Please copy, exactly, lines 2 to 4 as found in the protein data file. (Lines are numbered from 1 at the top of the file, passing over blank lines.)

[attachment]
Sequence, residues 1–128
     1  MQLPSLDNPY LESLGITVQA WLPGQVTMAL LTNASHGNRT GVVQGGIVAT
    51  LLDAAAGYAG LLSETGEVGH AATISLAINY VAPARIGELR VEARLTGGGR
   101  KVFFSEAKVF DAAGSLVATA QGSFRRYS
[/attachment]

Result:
     1  MQLPSLDNPY LESLGITVQA WLPGQVTMAL LTNASHGNRT GVVQGGIVAT
    51  LLDAAAGYAG LLSETGEVGH AATISLAINY VAPARIGELR VEARLTGGGR
   101  KVFFSEAKVF DAAGSLVATA QGSFRRYS